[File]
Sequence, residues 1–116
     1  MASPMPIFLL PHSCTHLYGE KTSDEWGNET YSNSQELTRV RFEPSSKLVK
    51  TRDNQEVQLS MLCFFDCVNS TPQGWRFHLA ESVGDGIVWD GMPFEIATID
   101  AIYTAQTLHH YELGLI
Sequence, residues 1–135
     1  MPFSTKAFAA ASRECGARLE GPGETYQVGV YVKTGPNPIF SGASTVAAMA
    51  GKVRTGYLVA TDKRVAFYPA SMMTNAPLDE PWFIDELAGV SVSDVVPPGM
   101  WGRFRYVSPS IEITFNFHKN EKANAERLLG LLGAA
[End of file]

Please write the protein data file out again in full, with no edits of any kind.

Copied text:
Sequence, residues 1–116
     1  MASPMPIFLL PHSCTHLYGE KTSDEWGNET YSNSQELTRV RFEPSSKLVK
    51  TRDNQEVQLS MLCFFDCVNS TPQGWRFHLA ESVGDGIVWD GMPFEIATID
   101  AIYTAQTLHH YELGLI
Sequence, residues 1–135
     1  MPFSTKAFAA ASRECGARLE GPGETYQVGV YVKTGPNPIF SGASTVAAMA
    51  GKVRTGYLVA TDKRVAFYPA SMMTNAPLDE PWFIDELAGV SVSDVVPPGM
   101  WGRFRYVSPS IEITFNFHKN EKANAERLLG LLGAA